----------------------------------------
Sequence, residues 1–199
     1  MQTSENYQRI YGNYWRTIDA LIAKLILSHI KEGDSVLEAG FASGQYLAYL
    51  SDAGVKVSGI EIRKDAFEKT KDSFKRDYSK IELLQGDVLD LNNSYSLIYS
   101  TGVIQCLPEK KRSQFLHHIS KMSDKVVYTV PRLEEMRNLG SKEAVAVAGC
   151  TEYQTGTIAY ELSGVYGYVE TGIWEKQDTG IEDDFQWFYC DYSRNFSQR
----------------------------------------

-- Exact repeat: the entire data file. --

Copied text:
Sequence, residues 1–199
     1  MQTSENYQRI YGNYWRTIDA LIAKLILSHI KEGDSVLEAG FASGQYLAYL
    51  SDAGVKVSGI EIRKDAFEKT KDSFKRDYSK IELLQGDVLD LNNSYSLIYS
   101  TGVIQCLPEK KRSQFLHHIS KMSDKVVYTV PRLEEMRNLG SKEAVAVAGC
   151  TEYQTGTIAY ELSGVYGYVE TGIWEKQDTG IEDDFQWFYC DYSRNFSQR